• Being overweight
  • Drinking soda
  • Excessive consumption of sugar and processed food and foods containing simple carbohydrates
  • Following a passive lifestyle
  • Consuming artificial sweeteners (sugar-free foods)
  • Genetics or having family partners with diabetes
  • Lack of exercise
  • Stress


Type 2 diabetes is generally interpreted by the glycated hemoglobin (A1C) test. This blood test shows an individual’s moderate blood sugar level for the last two to three months. However, if the glycated hemoglobin (A1C) test is not available, or if a person has certain conditions that inhibit this test, a doctor may use the tests detailed below for diagnosing diabetes:

  • Fasting blood sugar test
  • Random blood sugar test
  • Oral glucose tolerance test
  • Regular screening with diagnostic examinations for type 2 diabetes

4. Stroke

A stroke happens when a portion of the brain fails blood supply and stops working. This affects the part of the body living controlled by the injured brain to stop operating. A stroke is also known as a “brain attack”, cerebrovascular mishap, or CVA. A stroke is mostly caused because of two causes– bursting or spreading of a blood vessel (hemorrhagic stroke) or a blocked artery (ischemic stroke).

Risk Factors:

The different risk factors of stroke are:

  • High blood pressure
  • Diabetes
  • High cholesterol
  • Smoking
  • Having heart rhythm disturbances, especially atrial fibrillation


Some of the difficulties in diagnosing this lifestyle disease contain:

  • Blood tests contain tests for checking whether blood sugar is too low or high, whether there is an illness, and how fast the blood clots
  • Carotid ultrasound
  • Computerized tomography (CT) scan
  • Physical exams like preventing blood pressure
  • Magnetic resonance imaging (MRI)
  • Echocardiogram
  • Cerebral angiogram

5. Hypertension

Hypertension or high blood pressure directs to the tension or high pressure in the streets – the vessels responsible for taking blood from the heart to the rest of the body.

Wondering what is the result of this lifestyle disease?

The different difficulties of hypertension are kidney (renal) disorder, heart condition, eye damage, stroke (brain damage), and hardening of the streets (arteriosclerosis or atherosclerosis).

Risk Factors:

While the exact cause of high blood pressure is not known, people must keep in mind the various risk factors of hypertension mentioned below:

  • Family history
  • Obesity
  • Age of an individual
  • Race
  • Being physically inactive
  • Tobacco usage
  • Ingesting excessive salt or sodium
  • Information of too little potassium
  • Extreme consumption of alcohol
  • Specific chronic diseases like sleep apnea, kidney disease, and diabetes
  • Stress


A device called a sphygmomanometer, consisting of a stethoscope, valve, dial, pump, and arm cuff, is typically used to measure blood pressure. Doctors may suggest additional tests for people having high blood stress to confirm the diagnosis and study for underlying essentials causing hypertension. These contain the following:

  • Electrocardiogram (ECG or EKG)
  • Lab tests such as urine examinations(urinalysis) and blood examinations like a cholesterol test
  • Echocardiogram
  • Ambulatory monitoring (24-hour blood pressure monitoring test)

6. Chronic Obstructive Pulmonary Disease (COPD)

Chronic obstructive pulmonary disease (COPD) guides to a chronic lung disorder that leads to blocked and inflamed airflow from the lungs. The various symptoms of COPD contain a chronic cough with mucus, wheezing, long-term breathing issues, etc. The typical causes of this lifestyle disorder are genetics, smoking, and environmental factors like gas leaks and pollution.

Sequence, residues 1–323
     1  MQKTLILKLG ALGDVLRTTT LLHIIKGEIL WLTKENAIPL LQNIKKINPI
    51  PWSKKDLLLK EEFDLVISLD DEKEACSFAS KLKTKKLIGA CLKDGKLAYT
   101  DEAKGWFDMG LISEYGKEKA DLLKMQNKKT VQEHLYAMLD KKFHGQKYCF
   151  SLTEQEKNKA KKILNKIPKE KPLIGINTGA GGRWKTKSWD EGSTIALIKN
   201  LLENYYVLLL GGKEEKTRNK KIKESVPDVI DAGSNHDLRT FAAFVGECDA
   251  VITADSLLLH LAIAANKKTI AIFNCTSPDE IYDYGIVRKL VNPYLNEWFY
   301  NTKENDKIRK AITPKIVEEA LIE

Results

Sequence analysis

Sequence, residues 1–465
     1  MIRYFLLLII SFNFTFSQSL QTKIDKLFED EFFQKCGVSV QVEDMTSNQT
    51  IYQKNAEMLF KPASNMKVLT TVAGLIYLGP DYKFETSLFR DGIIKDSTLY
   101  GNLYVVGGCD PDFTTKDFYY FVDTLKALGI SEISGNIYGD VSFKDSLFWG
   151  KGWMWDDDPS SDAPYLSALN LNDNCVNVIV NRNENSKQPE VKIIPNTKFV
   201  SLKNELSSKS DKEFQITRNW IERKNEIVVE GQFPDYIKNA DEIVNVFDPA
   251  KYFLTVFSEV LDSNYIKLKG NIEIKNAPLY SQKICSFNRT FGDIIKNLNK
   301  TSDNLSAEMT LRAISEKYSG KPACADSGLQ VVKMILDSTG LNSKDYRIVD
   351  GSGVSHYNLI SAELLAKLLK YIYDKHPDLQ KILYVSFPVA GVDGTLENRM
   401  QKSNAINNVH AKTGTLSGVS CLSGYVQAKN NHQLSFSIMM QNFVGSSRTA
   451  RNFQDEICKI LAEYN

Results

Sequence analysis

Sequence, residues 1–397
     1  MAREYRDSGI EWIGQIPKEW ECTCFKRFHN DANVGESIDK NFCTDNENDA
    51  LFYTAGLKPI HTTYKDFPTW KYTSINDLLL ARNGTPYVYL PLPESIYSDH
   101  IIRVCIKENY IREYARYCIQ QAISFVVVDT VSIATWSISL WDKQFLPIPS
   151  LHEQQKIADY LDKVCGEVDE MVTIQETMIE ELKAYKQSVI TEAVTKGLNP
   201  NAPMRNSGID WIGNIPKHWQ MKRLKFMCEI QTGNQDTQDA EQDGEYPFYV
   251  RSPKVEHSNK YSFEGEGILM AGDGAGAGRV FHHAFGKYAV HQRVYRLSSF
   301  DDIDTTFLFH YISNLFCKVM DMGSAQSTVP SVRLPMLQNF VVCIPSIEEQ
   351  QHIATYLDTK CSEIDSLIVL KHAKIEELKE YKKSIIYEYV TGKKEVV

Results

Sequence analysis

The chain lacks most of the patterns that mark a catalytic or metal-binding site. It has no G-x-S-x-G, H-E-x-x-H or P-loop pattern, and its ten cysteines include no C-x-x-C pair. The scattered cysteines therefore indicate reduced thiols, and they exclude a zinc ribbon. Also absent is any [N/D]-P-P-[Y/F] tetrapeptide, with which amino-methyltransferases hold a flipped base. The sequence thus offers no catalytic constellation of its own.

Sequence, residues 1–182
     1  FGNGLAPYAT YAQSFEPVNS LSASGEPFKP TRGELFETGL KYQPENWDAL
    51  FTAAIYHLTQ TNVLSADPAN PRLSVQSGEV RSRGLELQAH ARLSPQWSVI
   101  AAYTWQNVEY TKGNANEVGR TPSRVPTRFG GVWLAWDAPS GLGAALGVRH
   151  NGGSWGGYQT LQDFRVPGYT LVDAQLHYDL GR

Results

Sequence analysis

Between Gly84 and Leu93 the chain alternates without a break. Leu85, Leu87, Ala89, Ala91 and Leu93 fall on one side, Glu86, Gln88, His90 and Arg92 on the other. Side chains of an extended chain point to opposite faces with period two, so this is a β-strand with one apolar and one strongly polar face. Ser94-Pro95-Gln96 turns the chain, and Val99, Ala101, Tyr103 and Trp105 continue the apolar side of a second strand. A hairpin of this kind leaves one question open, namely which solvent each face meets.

Risk Factors:

The different risk factors for Chronic Obstructive Pulmonary Disease (COPD) are as shadows:

  • Passive smoking
  • Working with chemicals, dust, and fumes
  • History of childhood respiratory infection
  • A genetic condition known as Alpha-1 deficiency


After studying the signs and symptoms, discussing medical history, family history, and exposure to lung irritants, doctors may order extra tests to diagnose COPD. These contain:

  • Chest X-ray
  • Lung (pulmonary) function tests
  • Laboratory tests
  • Arterial blood gas analysis
  • CT scan

7. Asthma

Asthma is a long-term inflammatory lifestyle disorder caused because of the narrowing and nodes of the airways. This common chronic disorder guides to shortness of breath, wheezing, protracted coughing, and chest tightness.

Risk Factors:

While the exact reason for asthma is not known, people must note the different risk factors that can improve the chances of designing asthma. These are listed as follows:

  • Being overweight
  • Having a blood family (parent or sibling) with asthma
  • Smoking
  • Having some other allergic conditions like atopic dermatitis
  • Contacting exposed to exhaust fumes or other kinds of pollution
  • Disclosure of occupational triggers like chemicals used in manufacturing, hairdressing, and farming
  • Getting uncovered to secondhand smoke


Firstly, a doctor achieves a physical exam to rule out possible diseases like COPD or respiratory infection. Some lung function tests may be given to the concerned person to determine how much air actions in and out while breathing. These retain peak flow and spirometry. Besides these, some other examinations for diagnosing this lifestyle disease include:

  • Imaging tests like chest X-ray
  • Methacholine challenge
  • Nitric oxide examination
  • Provocative testing for exercise and cold-induced asthma
  • Sputum eosinophils
  • Allergy testing

Causes of Occupational lifestyle diseases

  • The causes of NCDs can be separated into three broad categories: Modifiable behavioral risk elements, Non-modifiable risk elements, and Metabolic risk elements.

1. Modifiable behavioral risk elements: Behavioural risk factors such as excessive use of drink, bad food routines, eating and smoking tobacco, physical laziness, wrong body pose, and disturbed biological clock improves the likelihood of NCDs. Desk jobs in the modern workplace and the stress they cause are also considered significant risk factors for NCDs.6 More than 7 million people yearly pass away from tobacco-related causes, according to the WHO, and the death rate is expected to decrease significantly in the coming years. Excessive use of sodium in the diet causes 4.1 million casualties per year while alcohol information leads to around 1.65 million casualties due to NCDs. A simple absence of physical activity has been contending 1.6 million lives annually.

2. Non-modifiable risk elements: Risk factors that cannot be manipulated or modified by the application of an intervention can be called non-modifiable risk elements and contain: